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High schools brace for crowded halls

The county's high schools expect record attendance. Citrus High will put classes in storage areas.

By EDDY RAMIREZ
Published July 28, 2006


INVERNESS - Principal Leigh Ann Bradshaw cut right to the point in her e-mail Wednesday to the school superintendent.

Help, she wrote.

When Citrus High School opens in less than two weeks, an estimated 1,727 students are expected to walk through its doors. That's a record for the school, which counted 1,505 students in May.

Superintendent Sandra "Sam" Himmel called Bradshaw after receiving her e-mail. On Thursday, they met to discuss how to accommodate the crush of students.

"When you're already crowded," Himmel told the Citrus Times on Thursday, "100 more students can make a huge difference."

Bradshaw could not be reached for comment.

Fall enrollments at the district's two other high schools are also expected to reach new highs. Lecanto High, which traditionally has had the largest student population, expects to receive 1,728 students.

Crystal River High will remain the least populated school. About 1,400 students are expected to show up there.

The projected enrollment figures assume that every freshman, sophomore and junior who attended the schools last year will return.

Most years, the number of students who show up on the first day of school is lower than the projected enrollment.

Chuck Dixon, the district's new director of growth management and planning, said Citrus High has enough space for the students expected to arrive.

That doesn't mean, though, that the hallways won't be even more crowded come Aug. 8.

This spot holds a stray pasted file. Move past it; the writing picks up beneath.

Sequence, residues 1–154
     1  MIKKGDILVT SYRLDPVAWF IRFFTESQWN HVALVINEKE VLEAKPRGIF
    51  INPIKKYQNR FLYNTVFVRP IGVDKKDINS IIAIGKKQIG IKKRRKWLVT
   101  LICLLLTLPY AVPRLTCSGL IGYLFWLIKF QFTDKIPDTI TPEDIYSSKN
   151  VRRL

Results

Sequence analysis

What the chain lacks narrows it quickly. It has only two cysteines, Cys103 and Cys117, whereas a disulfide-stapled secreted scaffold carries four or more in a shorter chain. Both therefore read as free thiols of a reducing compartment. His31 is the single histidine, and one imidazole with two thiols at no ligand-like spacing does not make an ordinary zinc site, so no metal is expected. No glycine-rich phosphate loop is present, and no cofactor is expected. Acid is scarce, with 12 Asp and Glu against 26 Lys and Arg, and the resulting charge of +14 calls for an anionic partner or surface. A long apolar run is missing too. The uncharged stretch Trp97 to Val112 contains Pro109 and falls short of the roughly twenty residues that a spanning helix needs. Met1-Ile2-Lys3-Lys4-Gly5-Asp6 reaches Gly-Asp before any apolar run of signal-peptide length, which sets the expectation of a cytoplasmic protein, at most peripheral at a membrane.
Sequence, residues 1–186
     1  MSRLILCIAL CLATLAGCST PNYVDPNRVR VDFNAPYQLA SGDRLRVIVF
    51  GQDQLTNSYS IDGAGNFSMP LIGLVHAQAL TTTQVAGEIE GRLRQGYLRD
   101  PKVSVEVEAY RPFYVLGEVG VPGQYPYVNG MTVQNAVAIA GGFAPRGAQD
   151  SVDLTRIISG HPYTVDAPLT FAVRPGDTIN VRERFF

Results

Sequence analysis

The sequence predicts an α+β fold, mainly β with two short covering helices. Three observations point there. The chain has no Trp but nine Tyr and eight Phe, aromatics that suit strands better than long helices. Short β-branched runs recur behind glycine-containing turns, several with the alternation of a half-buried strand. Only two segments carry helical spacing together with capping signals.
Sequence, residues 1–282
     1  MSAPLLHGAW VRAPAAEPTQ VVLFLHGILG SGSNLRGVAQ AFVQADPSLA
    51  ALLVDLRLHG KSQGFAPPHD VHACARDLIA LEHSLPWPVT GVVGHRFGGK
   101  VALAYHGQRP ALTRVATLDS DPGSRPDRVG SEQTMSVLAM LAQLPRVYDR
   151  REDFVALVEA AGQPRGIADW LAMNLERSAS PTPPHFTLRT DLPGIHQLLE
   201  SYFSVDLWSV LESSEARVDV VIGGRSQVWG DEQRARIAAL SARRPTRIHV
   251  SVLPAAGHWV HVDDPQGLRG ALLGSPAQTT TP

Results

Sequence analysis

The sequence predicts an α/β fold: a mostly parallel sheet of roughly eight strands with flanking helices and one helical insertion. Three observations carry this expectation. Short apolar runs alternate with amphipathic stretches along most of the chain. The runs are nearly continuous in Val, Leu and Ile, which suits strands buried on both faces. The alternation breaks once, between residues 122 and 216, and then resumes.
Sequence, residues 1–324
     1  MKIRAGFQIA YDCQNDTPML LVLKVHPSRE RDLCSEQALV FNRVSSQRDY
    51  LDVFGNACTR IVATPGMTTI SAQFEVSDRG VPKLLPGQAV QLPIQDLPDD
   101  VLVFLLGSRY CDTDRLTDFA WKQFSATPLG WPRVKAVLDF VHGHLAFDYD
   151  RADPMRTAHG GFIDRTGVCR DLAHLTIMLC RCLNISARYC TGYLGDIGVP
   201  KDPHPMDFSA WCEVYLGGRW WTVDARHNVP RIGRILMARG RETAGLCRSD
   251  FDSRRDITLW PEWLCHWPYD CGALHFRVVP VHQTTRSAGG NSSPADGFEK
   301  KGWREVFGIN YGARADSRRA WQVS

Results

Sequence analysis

Like Lecanto High, Citrus already has several lunch periods scheduled throughout the day because the cafeterias are too small to accommodate all the students at once.

Himmel said Citrus could be forced to add another lunch period. The school also will have to use storage space as classrooms, a common practice at crowded schools.

This year, Citrus has also hired more teachers and added a fourth assistant principal in anticipation of more students.

Dixon said the influx of students at Citrus High may be because of younger families who are moving to the Highlands area, where housing is more affordable.

The school also draws some students from the fast-growing Central Ridge area, although most teens there attend Lecanto.

Himmel said that the district has been able to keep pace with growth in the county. It is building a new elementary school in Citrus Springs and added prefabricated concrete classrooms at CREST and Lecanto High.

But as Citrus continues to grow, Himmel said, the School Board will have to make a decision about limiting the number of students at the high schools.

That day might not be far from now. In August, a private consulting group is expected to issue a report on the needs and priorities at every school.

Himmel has stressed the need to offer high school students a more challenging, meaningful education. Key to those efforts, she said, is teachers building relationships with students.

"The bigger you get, you can't do that," she said.

[Last modified July 27, 2006, 23:17:48]


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